Our Mission Statement

Tuesday, January 29

Go Rest High on the Mountain

In the past 6 weeks 2 people that were very close to me passed away. I know that death is just a part of living and it is the way that our spiritual souls are able to enter into eternity. But even knowing all of that, most, if not all of us, struggle to understand and accept death. Today I struggle to put into words what I am feeling and thinking, but it is important for me to try.

In December, during our Torch / IRC meeting, Tim Hines announced to us that Gerardo Flores, a long time employee of Baxter School of Biblical and Cultural Studies, in Tegucigalpa, Honduras, had died. This came as a shock to most of us since we had just seen Gerardo just a couple of months ago. Those who knew him will always remember his huge smile, which he wore most of the time, and his outgoing and friendly personality. He was always there, ready to help in any way, and was a true friend and dedicated Christian.

For years he went by the nickname, “Tony,” because I had trouble pronouncing his real name (I have been known to do that from time to time….). He married his wife Sandra, a few years ago and they worked at Baxter together. Anytime I could not find “Tony” I could go to her and she could locate him for me. Gerardo was a wonderful man, husband, and role model for all of us who went to Honduras. He had struggled for years with a chronic disease that required blood transfusions. He had become sick and went to the hospital for a transfusion but for some reason he died just a day so so later. He was a special man, and I know that I, for one, will miss him greatly. But I am so glad that he came into my life and that I was able to spend time with such a great man.

This week, another friend passed over to the other side to receive his reward. Clint Chaney, from Sarasota, Florida, died this week after a battle against skin cancer. Clint and I were both from Huntsville and I have been friends of his family all the way back to high school at Madison Academy. Clint and I were both diagnosed with melanoma within a week of each other; about 4 years ago. My cancer was very aggressive but remained isolated in the same basic area in which it was found. My doctor’s attacked the disease aggressively because it was evident it was there and it was growing. I continue to fight the cancer but at the moment it appears that it is in remission. However, Clint’s melanoma migrated beneath the surface and traveled throughout his body and went unnoticed until just a few months ago. By the time Clint knew what was going on the melanoma was so advanced that it was all but impossible to treat. However, he and his doctors used all of the treatments that were available and he faced the cancer head on. In the end he and his wife decided to allow nature to take its course and began the journey to prepare for the end. Of course, it was only the end of his physical body, Clint was preparing to cross over from physical life and death to eternal life.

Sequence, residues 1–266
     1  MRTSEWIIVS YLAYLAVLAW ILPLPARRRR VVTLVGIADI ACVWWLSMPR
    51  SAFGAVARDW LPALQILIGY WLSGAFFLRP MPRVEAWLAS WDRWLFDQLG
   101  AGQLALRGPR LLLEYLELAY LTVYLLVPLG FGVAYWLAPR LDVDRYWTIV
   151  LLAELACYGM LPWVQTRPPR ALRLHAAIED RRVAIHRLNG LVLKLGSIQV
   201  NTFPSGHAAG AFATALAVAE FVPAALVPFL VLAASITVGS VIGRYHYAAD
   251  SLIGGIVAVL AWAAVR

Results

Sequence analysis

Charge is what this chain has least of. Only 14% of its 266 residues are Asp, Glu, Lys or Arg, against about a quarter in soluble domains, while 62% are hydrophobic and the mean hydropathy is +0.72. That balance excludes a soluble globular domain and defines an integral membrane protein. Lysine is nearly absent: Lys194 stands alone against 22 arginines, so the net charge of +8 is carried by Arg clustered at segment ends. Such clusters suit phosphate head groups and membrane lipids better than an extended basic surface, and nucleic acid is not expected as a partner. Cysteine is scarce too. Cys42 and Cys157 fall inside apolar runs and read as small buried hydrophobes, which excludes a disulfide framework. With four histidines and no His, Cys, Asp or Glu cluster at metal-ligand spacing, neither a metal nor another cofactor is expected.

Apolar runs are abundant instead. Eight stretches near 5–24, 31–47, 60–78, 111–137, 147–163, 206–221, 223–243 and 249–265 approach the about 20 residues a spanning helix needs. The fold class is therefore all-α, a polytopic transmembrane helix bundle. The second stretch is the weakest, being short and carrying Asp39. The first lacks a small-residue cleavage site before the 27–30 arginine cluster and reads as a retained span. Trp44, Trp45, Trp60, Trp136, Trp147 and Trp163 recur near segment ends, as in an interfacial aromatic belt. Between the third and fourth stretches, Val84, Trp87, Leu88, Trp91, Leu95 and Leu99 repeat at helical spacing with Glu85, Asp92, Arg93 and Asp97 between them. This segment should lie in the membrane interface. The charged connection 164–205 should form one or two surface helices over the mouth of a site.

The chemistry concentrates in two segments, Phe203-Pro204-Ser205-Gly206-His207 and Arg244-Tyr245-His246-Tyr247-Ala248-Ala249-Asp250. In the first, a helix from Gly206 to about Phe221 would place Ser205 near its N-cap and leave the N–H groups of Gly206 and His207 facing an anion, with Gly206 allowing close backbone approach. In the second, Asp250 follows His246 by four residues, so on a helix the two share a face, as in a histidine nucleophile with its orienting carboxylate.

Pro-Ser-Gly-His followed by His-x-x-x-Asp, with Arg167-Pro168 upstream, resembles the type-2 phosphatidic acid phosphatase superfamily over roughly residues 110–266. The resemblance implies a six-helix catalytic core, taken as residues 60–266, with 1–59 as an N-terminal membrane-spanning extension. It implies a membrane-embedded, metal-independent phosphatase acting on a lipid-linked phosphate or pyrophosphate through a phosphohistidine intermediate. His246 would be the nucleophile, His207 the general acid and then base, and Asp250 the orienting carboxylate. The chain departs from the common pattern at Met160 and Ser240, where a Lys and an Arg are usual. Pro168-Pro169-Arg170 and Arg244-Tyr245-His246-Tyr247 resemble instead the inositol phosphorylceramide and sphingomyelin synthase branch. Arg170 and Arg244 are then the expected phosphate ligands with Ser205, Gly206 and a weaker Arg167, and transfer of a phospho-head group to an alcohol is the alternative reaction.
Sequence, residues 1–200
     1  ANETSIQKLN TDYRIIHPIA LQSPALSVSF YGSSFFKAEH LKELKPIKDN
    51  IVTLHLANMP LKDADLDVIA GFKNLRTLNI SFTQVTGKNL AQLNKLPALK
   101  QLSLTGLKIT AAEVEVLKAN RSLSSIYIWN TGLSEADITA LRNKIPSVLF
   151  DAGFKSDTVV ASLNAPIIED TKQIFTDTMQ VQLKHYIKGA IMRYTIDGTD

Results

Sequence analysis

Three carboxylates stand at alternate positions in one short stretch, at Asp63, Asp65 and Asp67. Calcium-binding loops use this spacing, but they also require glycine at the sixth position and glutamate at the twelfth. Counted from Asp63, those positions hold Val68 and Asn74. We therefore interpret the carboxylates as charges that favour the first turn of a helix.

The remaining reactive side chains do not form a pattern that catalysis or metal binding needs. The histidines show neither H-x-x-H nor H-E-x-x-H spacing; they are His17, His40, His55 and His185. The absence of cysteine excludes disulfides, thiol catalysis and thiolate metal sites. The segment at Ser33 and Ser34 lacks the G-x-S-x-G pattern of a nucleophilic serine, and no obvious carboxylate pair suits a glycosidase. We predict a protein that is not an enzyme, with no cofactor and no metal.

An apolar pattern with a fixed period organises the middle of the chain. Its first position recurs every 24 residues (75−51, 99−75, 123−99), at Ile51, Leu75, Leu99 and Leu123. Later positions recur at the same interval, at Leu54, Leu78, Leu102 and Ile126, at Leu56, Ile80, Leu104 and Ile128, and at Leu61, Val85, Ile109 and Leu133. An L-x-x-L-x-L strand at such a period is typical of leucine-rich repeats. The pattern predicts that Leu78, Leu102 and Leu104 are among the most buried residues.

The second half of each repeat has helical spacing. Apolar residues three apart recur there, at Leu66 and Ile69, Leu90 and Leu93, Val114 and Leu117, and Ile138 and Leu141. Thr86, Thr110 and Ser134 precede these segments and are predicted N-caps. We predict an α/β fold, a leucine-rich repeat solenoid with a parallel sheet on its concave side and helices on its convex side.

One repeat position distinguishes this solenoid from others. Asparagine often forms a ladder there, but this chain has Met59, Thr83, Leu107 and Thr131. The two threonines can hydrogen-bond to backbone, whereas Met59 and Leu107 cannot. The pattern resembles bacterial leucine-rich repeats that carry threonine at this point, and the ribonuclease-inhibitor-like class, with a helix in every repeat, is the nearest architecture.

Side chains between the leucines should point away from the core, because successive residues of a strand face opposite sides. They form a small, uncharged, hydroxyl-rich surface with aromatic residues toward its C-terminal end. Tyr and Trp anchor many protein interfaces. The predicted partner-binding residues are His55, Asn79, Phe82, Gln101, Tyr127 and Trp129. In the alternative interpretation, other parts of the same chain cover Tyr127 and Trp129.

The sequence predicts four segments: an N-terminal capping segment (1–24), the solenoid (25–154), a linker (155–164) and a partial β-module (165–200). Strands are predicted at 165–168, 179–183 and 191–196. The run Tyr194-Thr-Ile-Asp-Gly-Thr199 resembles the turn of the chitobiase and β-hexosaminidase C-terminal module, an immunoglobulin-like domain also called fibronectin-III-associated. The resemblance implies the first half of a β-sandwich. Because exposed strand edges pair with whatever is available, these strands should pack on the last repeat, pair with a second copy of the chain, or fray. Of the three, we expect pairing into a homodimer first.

Clint, with his wife Angie, faced the ordeal with the strength and the fortitude that most of can only hope to have. They lived out the life that can only be described as an image of what a true Christian couple would be in the face of a difficult challenge and ordeal. Clint was a wonderful Christian young man and taught us all how to live, and die, in Christ. Even until the very day he passed away, he lived his life as an example to us all. Clint listened to the singing at church by phone just moments before he passed. Clint said that he was ready and he died as a man full of hope in the saving power of the blood of Jesus Christ. Everyone that I have talked to in the past few weeks has told me the same thing; Clint was a true role model of what a Christian is in both words and in actions. I am going to miss Clint deeply but rejoice that he is now at home where he wanted to be. I am proud to call Clint and Angie both friend and a brother and sister in Christ. Clint lived his life as a legacy for all of us and his life was not in vain.

Clint and Gerardo were friends. Clint met Gerardo a few years ago when he was with us on a mission trip to Honduras. I am convinced that they have hooked up and are hanging out together along with all of the other friends and loved ones that have gone on before them. I cannot help but rejoice for the victory they have received and the joy that they are now experiencing. The old, corruptible bodies have been put away and their eternal bodies now allow them to be what they have both always dreamed to be.

Even though I am sad to say farewell, it is good to know that I have not said goodbye. For we too have a crown of righteousness awaiting us, in that moment, when we will be separated from this world to enter the next. Until that day comes, I pray that I will live in such a way that I too may join them and to hang out, in a new body that will be perfect and incorruptible, living in the place I dream to be some day.